Dec 5, 2016
Allied Approach

High schools around the country are searching for ways to address the danger of sports-related head injuries. A recent partnership in Marin County, Calif., may be paving the way for a new angle.

The collaboration involves Marin General Hospital, Kaiser Permanente Hospital, Marin County Board of Education, the Brain Injury Network, and the University of California, San Francisco working together to establish a policy for effectively preventing, reporting, and treating concussion among high school athletes in the county. One of the first steps was education and raising awareness around brain injuries.

“We are focused on education with the coaches, athletes, and parents so they understand concussions,” Kit Holsten, ATC, Athletic Trainer at Marin County’s Terra Linda High School and Tomales High School, told The San Rafael News Pointer. “We do have a lot of parents [bringing] children into the hospital after a concussion. We will work with pediatricians to make sure the children are taken care of.”

Getting athletic trainers and physicians on the same page was another priority for this partnership. Before, students who suffered a concussion often received conflicting information based on the athletic trainer or physician who diagnosed them. High schools in Marin County now hope to establish a comprehensive approach to treating concussions so that student-athletes are not cleared for activity before they are ready.

Part of making this a reality is having local hospitals provide all schools with access to athletic trainers at games to diagnose and treat head injuries right away. So far, three Marin County high schools have received athletic trainers from Marin General. In addition, several others are working with UCSF to ensure that athletic trainers are present on the sidelines during high-risk sports activities.

When an athlete does suffer a head injury, the partnership has created a return-to-play policy for all schools to follow. It starts at the beginning of each season. Student-athletes who play contact sports at Marin County public schools undergo baseline neurocognitive testing. This provides athletic trainers and doctors with an image of the student-athlete’s healthy brain function. If a player suffers a head injury later on, a follow-up test is conducted to determine any changes from the baseline test.

Another part of the collaboration requires student-athletes who have concussions to check in with their athletic trainers on a regular basis to track their recovery. Shana McKeever, MA, ATC, CSCS, Athletic Trainer for San Rafael High School, explained the steps for returning an athlete to competition.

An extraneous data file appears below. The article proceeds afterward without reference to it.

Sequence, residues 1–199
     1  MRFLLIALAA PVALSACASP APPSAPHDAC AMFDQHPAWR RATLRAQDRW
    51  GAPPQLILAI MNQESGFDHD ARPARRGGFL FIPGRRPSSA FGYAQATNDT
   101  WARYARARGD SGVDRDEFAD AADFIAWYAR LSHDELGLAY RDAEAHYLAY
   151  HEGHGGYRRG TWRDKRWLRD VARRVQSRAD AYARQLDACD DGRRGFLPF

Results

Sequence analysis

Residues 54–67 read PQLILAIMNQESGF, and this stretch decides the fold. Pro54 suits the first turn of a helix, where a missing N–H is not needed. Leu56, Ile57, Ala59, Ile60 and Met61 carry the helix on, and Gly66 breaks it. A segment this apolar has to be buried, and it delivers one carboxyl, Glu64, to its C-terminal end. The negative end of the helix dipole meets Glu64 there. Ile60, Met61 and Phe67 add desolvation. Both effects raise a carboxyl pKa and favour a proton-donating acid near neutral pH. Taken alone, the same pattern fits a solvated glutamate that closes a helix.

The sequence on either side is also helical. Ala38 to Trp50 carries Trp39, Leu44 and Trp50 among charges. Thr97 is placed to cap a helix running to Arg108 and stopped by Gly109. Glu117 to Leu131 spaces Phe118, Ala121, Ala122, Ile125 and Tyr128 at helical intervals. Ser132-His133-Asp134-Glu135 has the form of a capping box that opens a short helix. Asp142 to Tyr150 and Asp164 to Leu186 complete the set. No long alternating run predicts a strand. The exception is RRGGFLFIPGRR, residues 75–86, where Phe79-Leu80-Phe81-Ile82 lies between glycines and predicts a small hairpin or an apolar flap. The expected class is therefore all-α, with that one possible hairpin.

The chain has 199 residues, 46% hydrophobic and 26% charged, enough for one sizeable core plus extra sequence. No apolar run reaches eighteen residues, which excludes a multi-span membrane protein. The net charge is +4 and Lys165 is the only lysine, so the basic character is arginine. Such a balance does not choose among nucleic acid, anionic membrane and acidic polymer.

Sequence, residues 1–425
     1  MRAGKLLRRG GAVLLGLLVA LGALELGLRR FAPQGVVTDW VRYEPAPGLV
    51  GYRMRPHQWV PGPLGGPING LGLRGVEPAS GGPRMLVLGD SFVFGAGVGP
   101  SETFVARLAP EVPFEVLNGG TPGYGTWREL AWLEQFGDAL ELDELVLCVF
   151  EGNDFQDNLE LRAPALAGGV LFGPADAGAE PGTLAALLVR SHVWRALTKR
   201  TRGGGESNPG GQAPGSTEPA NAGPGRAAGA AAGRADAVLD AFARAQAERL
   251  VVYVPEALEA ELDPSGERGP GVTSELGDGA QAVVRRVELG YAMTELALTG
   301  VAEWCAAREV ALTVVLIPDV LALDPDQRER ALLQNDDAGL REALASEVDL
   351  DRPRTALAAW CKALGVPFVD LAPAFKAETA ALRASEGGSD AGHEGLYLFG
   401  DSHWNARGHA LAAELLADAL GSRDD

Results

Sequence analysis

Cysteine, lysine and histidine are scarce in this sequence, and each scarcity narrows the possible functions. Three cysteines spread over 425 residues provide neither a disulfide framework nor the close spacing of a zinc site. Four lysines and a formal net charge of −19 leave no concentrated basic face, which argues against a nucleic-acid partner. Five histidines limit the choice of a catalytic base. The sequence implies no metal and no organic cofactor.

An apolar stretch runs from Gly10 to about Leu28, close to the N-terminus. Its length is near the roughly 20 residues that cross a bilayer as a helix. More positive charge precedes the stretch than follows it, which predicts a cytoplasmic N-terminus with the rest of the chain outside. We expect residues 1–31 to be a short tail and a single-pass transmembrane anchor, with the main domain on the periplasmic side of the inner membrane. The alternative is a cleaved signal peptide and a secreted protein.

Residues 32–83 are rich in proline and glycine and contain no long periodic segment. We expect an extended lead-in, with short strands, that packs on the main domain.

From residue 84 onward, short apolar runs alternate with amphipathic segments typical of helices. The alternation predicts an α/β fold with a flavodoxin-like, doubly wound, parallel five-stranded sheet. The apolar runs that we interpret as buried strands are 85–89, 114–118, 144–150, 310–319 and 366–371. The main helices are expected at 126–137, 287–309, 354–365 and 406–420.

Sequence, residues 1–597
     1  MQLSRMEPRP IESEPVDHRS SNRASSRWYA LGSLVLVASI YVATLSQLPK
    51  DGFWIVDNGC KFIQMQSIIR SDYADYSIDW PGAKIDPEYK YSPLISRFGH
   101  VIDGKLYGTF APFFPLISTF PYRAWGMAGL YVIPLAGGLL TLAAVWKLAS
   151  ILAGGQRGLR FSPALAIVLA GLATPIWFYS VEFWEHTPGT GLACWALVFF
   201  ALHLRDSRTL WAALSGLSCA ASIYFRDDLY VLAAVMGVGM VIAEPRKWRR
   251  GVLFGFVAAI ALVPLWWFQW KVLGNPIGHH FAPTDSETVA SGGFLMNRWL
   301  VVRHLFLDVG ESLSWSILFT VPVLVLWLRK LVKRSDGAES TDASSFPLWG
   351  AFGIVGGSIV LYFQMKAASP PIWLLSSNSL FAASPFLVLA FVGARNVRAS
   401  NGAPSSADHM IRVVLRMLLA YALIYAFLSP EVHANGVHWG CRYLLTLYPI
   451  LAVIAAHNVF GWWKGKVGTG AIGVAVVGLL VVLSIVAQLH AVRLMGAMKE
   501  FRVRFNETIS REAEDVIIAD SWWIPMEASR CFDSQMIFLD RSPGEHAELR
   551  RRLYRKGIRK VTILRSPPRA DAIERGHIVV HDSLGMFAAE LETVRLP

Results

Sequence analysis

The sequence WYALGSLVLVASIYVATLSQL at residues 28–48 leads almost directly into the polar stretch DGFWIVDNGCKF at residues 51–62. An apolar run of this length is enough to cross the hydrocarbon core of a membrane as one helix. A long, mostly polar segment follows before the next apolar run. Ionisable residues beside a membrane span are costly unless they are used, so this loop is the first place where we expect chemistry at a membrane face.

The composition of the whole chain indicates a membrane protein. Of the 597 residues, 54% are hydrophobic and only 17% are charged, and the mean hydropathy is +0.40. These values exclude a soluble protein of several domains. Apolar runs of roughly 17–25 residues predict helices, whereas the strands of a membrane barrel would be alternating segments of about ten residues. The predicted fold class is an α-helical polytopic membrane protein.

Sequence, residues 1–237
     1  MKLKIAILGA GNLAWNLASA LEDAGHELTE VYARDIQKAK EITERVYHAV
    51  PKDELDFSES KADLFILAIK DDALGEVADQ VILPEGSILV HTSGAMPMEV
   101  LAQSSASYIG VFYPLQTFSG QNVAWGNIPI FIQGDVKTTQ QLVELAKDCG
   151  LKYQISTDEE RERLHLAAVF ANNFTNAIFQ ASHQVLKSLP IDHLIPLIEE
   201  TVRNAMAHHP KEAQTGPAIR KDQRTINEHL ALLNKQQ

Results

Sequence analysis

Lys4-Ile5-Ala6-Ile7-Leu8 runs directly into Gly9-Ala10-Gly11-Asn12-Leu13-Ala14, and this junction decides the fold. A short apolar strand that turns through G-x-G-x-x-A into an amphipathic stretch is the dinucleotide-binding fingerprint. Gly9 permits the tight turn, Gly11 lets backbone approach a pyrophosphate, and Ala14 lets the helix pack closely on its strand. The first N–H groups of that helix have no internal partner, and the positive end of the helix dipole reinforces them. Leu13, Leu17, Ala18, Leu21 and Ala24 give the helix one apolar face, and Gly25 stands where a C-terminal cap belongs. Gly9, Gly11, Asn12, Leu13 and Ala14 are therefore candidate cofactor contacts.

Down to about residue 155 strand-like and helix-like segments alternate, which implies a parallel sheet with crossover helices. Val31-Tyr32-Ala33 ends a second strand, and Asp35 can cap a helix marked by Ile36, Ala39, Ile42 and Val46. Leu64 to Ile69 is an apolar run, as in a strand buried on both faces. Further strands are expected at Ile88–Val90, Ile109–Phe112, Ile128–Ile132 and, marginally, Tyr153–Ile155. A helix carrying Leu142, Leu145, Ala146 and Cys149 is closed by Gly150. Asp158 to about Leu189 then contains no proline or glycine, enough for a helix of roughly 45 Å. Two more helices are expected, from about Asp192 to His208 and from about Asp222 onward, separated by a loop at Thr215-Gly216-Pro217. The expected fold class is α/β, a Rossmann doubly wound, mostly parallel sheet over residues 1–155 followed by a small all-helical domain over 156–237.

“It is very strictly monitored,” she said. “It starts with light aerobic activity as part of an eight-stage progression. There is a 24-hour window between stages to monitor the student. We go from light activity to light resistance, then non-contact drills, then move to limited contact. The final stage before returning to play is full participation in practice. If at any time the symptoms persist, we will stop and evaluate the student’s condition.”

There is also an academic protocol in place to help students with a head injury transition back to a full load of schoolwork. Both the athletic and academic protocols are crucial to ensuring a proper recovery.

“Getting them back to school, we start with a partial day and work through classes, then they are allowed to leave after a half day,” said Holsten. “The student is monitored after the half day.

“During a full day at school, we want to know if [the concussed student-athletes] have a hard time concentrating or are more easily distracted,” she continued. “Does studying create headaches because they’re over thinking too much? It’s really frustrating for them. They want to do well, but they understand they are injured.”

A final piece of the partnership in Marin County is collecting data about concussions and impacts to the head. Last year, McKeever began using electronic sensors strapped under helmets to monitor San Rafael football players. The sensors record any head impacts sustained, and the data is then transmitted to a device on the sidelines. With San Rafael recently receiving a $5,000 community service grant from the Marin County Board of Supervisors, this program will expand next season to include soccer and lacrosse.

“We’re using impact sensors as a coaching guide,” McKeever said. “We can view, by team and athlete, the total number [of] hits, the three most recent hits, etc. We can see the hits in terms of G-forces and the rotational impact component.

“We also get notices about big hits,” she continued. “Anything over 15 Gs gets a notification. Anything over that threshold, and we pull the athlete off the field right away.”

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